Mammalian Epididymis Antioxidant Equipment

Before going into the specific tools with which the epididymis protects spermatozoa from oxidative insults, it should be noted that the characteristic anatomical features of this tissue favor low oxidative stress. In particular, the scrotal position of the

Mammalian epididymis antioxydant strategies and equipment.

General context

°low temperature (scrotal position)

Reduced oxidative stress

°low oxygen tension (low blood supply)

Specific actors

°Non-enzymatic primary antioxidants

* Gluthathione (GSH)

* Thiol-containing compounds

* Ascorbic acid / uric acid

* L-carnitine / acetyl-L-carnitine

* Taurine / Hypotaurine

* Clusterin

* Albumin / Lactoferrin

"Enzymatic primary antioxidants

* Superoxide dismutase (SOD)

* Glutathione peroxidases (GPx)

* Catalase (CAT)

* Indoleamine dioxygenase (IDO)

* Peroxiredoxins (PRDX)

* Glutathione S transferase (GST)

Fig. 5.1 Diagrammatic representation of the major antioxidant strategies used by the mammalian epididymis to cope with oxidative stress

Fig. 5.1 Diagrammatic representation of the major antioxidant strategies used by the mammalian epididymis to cope with oxidative stress epididymis helps maintain a temperature about 2-3°C below body temperature. In addition, blood supply to the tail of the epididymis corresponding to the storage part of the organ is reduced, giving a low oxygen tension (PO2). Both low epididy-mal temperature and low PO2 contribute to reduced oxidative stress on the spermatozoa and consequently enhanced sperm survival (Fig. 5.1).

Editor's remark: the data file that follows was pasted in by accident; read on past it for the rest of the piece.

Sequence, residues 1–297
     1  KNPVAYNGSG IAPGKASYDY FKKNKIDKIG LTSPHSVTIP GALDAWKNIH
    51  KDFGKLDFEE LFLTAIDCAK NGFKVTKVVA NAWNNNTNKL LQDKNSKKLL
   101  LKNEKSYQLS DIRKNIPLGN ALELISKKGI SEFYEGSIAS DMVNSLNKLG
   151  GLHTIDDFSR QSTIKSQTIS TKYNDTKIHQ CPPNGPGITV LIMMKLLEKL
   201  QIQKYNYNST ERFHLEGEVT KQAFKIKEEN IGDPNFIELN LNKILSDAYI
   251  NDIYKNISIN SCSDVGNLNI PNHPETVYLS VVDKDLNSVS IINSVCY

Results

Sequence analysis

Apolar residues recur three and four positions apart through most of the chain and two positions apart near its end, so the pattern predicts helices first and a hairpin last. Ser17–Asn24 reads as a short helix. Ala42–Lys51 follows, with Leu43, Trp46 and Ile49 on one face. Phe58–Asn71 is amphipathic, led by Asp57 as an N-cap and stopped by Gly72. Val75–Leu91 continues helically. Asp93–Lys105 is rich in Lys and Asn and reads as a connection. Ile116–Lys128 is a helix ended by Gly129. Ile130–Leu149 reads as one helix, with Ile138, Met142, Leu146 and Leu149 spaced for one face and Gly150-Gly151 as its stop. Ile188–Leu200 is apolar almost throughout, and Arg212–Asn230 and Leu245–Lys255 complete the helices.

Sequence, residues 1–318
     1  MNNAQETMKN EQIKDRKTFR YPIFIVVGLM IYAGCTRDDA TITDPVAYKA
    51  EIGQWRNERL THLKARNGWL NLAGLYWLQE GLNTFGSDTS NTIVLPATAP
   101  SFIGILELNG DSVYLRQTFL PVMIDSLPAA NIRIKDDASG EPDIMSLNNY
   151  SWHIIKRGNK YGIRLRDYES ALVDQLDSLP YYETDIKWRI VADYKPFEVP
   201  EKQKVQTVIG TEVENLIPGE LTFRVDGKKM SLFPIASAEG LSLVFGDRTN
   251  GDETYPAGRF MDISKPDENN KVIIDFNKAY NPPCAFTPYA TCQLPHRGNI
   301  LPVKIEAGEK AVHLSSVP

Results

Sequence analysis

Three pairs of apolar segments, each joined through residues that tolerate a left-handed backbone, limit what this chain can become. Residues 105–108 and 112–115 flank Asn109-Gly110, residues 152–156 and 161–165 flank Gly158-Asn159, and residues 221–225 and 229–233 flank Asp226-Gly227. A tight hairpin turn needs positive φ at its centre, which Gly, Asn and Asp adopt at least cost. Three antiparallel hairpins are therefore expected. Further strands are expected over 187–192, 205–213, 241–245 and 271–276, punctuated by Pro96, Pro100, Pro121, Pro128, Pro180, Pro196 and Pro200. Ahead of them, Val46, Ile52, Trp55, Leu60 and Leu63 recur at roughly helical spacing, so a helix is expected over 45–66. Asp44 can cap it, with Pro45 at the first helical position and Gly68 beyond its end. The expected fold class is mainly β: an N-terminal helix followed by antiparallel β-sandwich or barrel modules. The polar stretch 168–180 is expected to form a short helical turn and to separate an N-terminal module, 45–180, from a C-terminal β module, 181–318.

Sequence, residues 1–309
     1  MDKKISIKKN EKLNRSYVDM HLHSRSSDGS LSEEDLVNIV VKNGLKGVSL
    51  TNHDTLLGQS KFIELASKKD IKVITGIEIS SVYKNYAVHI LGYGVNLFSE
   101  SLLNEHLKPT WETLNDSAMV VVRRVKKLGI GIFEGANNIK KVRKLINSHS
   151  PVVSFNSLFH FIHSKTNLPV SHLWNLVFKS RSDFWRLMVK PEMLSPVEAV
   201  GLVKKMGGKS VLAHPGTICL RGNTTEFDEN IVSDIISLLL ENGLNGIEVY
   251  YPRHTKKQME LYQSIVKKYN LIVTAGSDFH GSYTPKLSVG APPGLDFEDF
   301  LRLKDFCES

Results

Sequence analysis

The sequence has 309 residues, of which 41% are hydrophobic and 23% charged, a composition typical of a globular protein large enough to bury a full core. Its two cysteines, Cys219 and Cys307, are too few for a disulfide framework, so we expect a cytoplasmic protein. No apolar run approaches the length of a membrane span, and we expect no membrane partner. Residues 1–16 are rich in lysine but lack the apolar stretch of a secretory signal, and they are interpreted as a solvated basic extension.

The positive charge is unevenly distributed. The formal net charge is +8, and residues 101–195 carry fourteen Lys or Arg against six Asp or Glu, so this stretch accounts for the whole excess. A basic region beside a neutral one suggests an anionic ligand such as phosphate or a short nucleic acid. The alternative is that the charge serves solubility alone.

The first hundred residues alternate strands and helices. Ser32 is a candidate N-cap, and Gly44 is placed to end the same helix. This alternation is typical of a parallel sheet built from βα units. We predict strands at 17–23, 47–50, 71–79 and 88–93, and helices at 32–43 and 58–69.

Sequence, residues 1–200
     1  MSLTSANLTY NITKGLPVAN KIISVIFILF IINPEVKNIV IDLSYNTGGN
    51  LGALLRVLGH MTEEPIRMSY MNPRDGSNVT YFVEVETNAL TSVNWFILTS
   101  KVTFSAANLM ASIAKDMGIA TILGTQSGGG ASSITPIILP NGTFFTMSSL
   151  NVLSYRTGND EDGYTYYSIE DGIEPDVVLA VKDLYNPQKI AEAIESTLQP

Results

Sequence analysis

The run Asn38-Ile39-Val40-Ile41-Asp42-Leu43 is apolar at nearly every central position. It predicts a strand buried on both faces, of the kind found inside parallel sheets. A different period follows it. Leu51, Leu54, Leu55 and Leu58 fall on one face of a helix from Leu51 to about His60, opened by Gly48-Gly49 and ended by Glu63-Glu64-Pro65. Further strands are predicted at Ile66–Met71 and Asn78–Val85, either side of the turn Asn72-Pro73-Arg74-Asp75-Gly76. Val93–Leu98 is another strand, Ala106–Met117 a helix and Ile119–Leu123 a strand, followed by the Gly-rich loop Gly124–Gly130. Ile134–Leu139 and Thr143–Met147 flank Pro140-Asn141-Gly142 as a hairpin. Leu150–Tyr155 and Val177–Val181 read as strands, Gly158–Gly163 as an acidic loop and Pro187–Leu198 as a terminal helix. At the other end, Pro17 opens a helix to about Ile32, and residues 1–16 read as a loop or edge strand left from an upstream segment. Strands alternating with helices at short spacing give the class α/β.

To maintain a proper balance between ROS' beneficial and detrimental actions around epididymal transiting spermatozoa, the luminal compartment of the mammalian epididymis possesses several tools acting in combination (Fig. 5.1). As in all tissues, cells, and/or biological fluids, ROS are disposed of in the mammalian epididymis by both nonenzymatic and enzymatic players grouped under the name of primary antioxidants. It appears that the mammalian epididymis relies more on enzymatic antioxidant scavengers to protect transiting spermatozoa against ROSmediated insults efficiently than on nonenzymatic scavengers. This is supported by two observations: first, the mammalian epididymis was shown to express a large variety of antioxidant enzymes, some of them being unique to this tissue [6-8]. Second, it was recently shown with a transgenic mouse model that, when the major epididymal luminal scavenging enzyme is absent, spermatozoa readily suffer oxida-tive injury [9]. These observations support the idea, at least in mouse, that nonenzy-matic scavengers present in the luminal fluid are not sufficient to compensate efficiently for the loss of enzymatic antioxidant protection.

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